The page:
PackageDescription: BlockPipeline

Block Pipeline

Last published: June 6, 2007 by 'mkobetic'

Defines 2 Classes
Extends 3 Classes

This allows to link a sequence of 2 argument blocks and execute them in parallel. The blocks have an :in and :out argument and are hooked up so that the :out of one block is linked with the :in of the next block. The hook up is done using a kind of a shared read/write stream. For the first prototype we'll use a SharedQueue, but extended to provide an indication of pipe closure to know when to terminate the associated process. The extension is called FiniteSharedQueue and you can #close it and test if it is #atEnd.

The package is used like this

( [ :in :out | out nextPut: $a asInteger + in next - 1 ] |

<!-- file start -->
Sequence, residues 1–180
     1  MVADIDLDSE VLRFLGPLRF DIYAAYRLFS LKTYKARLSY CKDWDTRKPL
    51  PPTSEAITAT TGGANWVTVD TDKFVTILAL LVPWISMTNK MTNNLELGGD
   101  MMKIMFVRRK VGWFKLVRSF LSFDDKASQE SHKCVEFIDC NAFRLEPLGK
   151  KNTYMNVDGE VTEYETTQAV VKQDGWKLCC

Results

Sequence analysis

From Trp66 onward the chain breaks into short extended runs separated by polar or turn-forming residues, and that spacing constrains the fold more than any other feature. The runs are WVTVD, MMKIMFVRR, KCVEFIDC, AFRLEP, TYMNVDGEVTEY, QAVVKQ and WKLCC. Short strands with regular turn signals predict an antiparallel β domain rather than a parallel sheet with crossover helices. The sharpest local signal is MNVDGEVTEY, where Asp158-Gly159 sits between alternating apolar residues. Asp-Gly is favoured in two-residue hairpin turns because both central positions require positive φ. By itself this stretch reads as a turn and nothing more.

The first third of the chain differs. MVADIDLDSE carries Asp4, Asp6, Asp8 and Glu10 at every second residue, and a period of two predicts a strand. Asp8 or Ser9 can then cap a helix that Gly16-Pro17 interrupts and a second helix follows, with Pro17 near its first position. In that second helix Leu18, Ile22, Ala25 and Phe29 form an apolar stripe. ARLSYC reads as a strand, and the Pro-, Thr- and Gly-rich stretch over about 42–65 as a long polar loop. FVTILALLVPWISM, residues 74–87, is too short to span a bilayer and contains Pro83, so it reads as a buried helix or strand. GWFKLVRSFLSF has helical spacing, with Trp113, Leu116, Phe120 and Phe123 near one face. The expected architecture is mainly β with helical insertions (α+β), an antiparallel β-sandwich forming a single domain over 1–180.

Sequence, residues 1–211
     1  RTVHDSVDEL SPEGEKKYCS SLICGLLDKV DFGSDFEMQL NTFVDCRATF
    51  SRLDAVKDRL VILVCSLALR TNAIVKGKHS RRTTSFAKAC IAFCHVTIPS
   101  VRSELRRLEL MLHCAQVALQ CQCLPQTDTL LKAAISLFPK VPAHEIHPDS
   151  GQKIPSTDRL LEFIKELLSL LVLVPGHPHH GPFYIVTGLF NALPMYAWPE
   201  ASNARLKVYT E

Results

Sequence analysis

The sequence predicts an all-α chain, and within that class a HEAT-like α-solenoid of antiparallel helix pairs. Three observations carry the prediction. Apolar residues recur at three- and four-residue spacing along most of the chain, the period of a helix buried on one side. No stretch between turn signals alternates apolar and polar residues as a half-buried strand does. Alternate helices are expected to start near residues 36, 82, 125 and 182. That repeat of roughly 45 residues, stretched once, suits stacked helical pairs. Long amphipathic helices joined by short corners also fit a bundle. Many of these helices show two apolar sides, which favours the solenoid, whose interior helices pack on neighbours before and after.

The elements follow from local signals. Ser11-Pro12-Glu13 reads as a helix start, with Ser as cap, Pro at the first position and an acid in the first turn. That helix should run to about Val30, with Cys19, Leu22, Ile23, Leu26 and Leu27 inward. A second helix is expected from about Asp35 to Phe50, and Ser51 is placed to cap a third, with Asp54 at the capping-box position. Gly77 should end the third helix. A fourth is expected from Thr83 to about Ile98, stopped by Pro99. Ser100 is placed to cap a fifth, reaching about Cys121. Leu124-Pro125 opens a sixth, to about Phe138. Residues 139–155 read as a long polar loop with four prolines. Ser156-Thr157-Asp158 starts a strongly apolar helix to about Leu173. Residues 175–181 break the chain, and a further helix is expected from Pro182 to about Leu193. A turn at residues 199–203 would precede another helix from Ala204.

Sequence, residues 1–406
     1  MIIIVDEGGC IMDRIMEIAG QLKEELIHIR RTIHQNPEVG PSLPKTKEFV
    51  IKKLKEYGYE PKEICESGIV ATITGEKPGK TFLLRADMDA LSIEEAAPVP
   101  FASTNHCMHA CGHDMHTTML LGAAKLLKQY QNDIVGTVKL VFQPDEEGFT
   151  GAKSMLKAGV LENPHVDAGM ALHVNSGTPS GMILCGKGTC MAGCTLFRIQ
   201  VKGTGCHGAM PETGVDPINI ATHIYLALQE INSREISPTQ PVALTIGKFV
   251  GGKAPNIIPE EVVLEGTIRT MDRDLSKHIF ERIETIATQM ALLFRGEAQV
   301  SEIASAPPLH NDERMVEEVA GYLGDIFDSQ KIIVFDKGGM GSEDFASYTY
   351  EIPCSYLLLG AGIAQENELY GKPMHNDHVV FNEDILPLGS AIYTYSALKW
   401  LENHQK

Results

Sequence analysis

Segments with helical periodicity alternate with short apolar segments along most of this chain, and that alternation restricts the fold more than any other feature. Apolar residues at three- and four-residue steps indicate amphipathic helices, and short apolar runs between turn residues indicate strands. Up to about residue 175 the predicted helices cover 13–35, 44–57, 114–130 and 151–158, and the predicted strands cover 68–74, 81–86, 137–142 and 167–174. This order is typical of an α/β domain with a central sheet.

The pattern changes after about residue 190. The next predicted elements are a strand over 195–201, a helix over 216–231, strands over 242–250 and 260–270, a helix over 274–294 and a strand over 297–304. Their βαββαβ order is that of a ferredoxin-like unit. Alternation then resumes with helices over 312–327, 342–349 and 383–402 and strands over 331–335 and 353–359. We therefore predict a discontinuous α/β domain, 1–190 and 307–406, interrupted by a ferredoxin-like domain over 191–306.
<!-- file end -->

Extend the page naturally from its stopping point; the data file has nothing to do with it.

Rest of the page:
[ :in :out | out nextPut: in next asCharacter ] |
[ :in :out | out nextPut: in next asUppercase ]
) out: Transcript;
in: (1 to: 26) readStream

It will require adding dummy TextCollector>>close to make it work, but it's cute this way :-) .


Two issues come to mind immediately.

1) If you want to get serious with this, it would probably be good to replace the shared queue with some sort of shared, fixed size, circular buffer to prevent one process from generating a huge intermediate queue without letting the next one consume it. That should help with the flow through the pipeline. Ideally the buffer would also be fully polymorphic with streams, so that you can use the full arsenal, including #next:into:startingAt:, nextAvailable: and such.

2) There is the off chance that the processes can get themselves suspended without being held strongly and get GCed while running. I have a version that holds onto the processes in a 'workers' collection in the BlockPipeline to prevent that. But I didn't want to complicate the picture with that. The workers collection may be useful for other uses too, providing a nice handle on the processes.